Photo by Lee Woolcock
I first came to Catalunya in 2000. I had some spare time before beginning a Masters in International Relations at Johns Hopkins University, and I thought it would be interesting to experience another culture for a while. I fell in love with the place, and I stayed.
Catalunya’s history fascinates me. Part of the reason are the obvious attractions—the culture, the architecture, the literature, etc. But it is also partly because I was intrigued by a place with a political and historical context not easily comparable to my own.
My mother is American and my father is from a mining family in Yorkshire, England. They met at the London School of Economics when they were 23/24, and he emigrated to the US soon after. Now he’s more American than most Americans.
I was nominated for my current role after the Generalitat’s Foreign Affairs Department asked around for recommendations. Apparently my name kept coming up as a person who could act as a bridge between North America and Catalunya, so they contacted me to see if I’d be interested. It was a fairly normal interview process.
I was never an activist at university. I was shy and afraid of failure. I broke out of that by my mid-20s, however, and I have been actively involved in politics and civil society organisations ever since. I am particularly proud to be the first non-Catalan member of the Board of Directors of the Ateneu Barcelonès.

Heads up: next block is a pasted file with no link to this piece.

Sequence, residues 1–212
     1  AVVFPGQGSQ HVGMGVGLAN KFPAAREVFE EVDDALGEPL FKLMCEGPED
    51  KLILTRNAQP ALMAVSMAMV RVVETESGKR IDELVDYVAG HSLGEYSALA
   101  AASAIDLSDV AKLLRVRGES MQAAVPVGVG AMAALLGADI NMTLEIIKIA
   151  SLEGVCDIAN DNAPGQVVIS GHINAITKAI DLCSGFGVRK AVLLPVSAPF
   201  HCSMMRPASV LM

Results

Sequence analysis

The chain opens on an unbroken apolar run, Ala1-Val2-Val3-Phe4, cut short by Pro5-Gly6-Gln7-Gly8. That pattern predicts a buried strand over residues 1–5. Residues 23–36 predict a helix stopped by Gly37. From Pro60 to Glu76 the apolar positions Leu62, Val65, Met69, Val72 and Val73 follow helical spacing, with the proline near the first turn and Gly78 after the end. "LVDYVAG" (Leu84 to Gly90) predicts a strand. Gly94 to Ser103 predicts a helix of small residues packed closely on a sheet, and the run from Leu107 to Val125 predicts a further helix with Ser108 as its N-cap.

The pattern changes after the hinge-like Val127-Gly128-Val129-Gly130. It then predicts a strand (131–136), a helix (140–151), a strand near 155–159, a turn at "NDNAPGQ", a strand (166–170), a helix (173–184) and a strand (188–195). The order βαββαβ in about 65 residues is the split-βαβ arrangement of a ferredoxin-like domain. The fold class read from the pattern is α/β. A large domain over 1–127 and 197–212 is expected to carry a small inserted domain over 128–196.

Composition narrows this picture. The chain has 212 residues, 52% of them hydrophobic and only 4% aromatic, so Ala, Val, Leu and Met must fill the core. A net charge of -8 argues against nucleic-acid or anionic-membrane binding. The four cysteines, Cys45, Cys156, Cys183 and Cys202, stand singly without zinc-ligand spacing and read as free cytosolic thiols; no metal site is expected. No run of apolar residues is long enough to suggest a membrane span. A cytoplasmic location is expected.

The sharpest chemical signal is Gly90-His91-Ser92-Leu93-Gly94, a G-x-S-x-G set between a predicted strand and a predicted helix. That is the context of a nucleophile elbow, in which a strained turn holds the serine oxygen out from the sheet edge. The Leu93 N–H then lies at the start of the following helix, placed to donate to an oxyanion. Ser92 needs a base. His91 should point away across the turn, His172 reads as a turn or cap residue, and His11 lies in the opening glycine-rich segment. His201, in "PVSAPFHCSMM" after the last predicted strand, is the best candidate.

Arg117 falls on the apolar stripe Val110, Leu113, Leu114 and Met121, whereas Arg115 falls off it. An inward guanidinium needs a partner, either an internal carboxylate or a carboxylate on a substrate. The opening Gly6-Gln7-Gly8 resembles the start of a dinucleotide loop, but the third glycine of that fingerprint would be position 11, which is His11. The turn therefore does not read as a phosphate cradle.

I was one of the founding members of Democrats Abroad Spain in 2003. It’s grown tremendously, especially since Rebecca Lewis—the current president of the group in Barcelona—took over. When we started, there were only quatre gats, but on the evening of the last elections we filled Luz de Gas, and we could have filled the place four times over.
I met the [Catalan] woman who was to become my wife the week after I arrived, which definitely helped my integration here. I’m looking forward to being in New York for a time, but thinking long-term, Catalunya is where I want to be. I have this phrase to describe myself: Nascut a Amèrica però Català d’adopció—Born an American, but Catalan by adoption.